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Displaying items by tag: Department of Anthropology

The UAB Graduate Dean's Excellence in Mentorship Award recognizes full-time regular UAB faculty members who have demonstrated exceptional accomplishments as mentors of graduate students and/or postdoctoral fellows.

Dr. Sarah Parcak, associate professor in the Department of Anthropology, launches GlobalXplorer, a project funded by her $1 million 2016 TED Prize.
GlobalXplorer is a citizen science archaeology platform that's "Indiana Jones meets Google Earth." The platform was created in collaboration with the National Geographic Society and DigitalGlobe.
Sarah Parcak, Ph.D., has been named to the list for her innovations in the area of satellite archaeology.
Everyone’s looking for a little peace — and students have found it in the UAB College of Arts and Sciences, a growing hub for the study of peaceful societies, human rights, nonviolent conflict resolution, and related topics. Discover useful tips for defusing friction with family and neighbors, and learn more about the practical lessons of peace
The American Ingenuity Award is the highest honor given by Smithsonian Magazine to recognize innovation in American culture.
UAB Department of Anthropology research assistant and alumnus Benjamin Maddox made a public presentation on peace systems at a Sustainable Peace workshop at the Columbia University Law School in New York City earlier this month.
The new program, only the second of its kind in anthropology in the US, focuses on peace as behavioral process at multiple levels including at the level of individuals, families, groups, communities, cultures and nations.
The Peaceful Societies website, hosted by the UAB Department of Anthropology, has created a section dedicated to videos representing many of the peaceful societies included in the encyclopedia page.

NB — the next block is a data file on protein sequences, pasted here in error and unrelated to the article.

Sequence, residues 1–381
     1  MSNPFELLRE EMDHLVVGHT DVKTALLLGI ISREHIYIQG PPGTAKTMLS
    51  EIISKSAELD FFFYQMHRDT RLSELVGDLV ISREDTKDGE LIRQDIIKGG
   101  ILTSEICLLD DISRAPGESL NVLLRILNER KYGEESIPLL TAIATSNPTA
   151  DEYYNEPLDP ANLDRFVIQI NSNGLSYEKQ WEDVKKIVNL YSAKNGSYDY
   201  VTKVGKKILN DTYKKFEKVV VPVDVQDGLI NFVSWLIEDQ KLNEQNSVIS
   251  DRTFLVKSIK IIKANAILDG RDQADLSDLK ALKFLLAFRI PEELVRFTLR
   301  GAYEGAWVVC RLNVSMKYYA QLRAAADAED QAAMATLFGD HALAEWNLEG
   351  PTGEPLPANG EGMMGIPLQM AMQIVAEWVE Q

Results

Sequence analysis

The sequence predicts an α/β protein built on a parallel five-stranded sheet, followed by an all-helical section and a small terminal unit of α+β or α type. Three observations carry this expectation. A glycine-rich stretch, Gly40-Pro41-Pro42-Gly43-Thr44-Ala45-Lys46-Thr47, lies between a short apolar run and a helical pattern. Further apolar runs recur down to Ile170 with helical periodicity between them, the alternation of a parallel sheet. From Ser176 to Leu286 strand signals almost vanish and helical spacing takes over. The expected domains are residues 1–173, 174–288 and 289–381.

Parcak will enlist the help of citizens from around the world to search for hidden civilizations through an online platform called GlobalXplorer.
Satellite, drone images and ground surveys led to the discovery of a massive man-made platform hidden under sand in the ancient city of Petra.
UAB researcher Sarah Parcak, Ph.D., has already shown the world how to find ancient sites from space. Now her graduate student is using remote sensing data to find a different kind of hidden treasure: uranium.
Emily Quarato, a rising junior from New York majoring in chemistry and anthropology, has been selected to participate in a National Science Foundation's Research Experiences for Undergraduates site project this summer in eastern Hungary, where she will study a Bronze Age cemetery population.
Sarah Jassim, a graduate student in the Department of Anthropology, and Nicole Mubarak, a senior majoring in Applied Mathematics and minoring in Software Engineering, worked with the winning “Strike the Balance” team.
Two-hour special, “Vikings Unearthed,” featuring UAB professor Sarah Parcak will premier online Monday, April 4, and will broadcast Wednesday, April 6, on PBS.
Egyptologist and UAB associate professor Sarah Parcak, Ph.D., will reveal her $1 million wish live from the TED stage in Vancouver on Feb. 16. The event will be streamed live for the Birmingham community.
November 11, 2015

Of Mice and Men

Graduate student Renee Gainer is an animal behaviorist with the UAB Animal Resources Program and was a zookeeper at various zoos for fifteen years. What do these things have in common? Anthropology, believe it or not.
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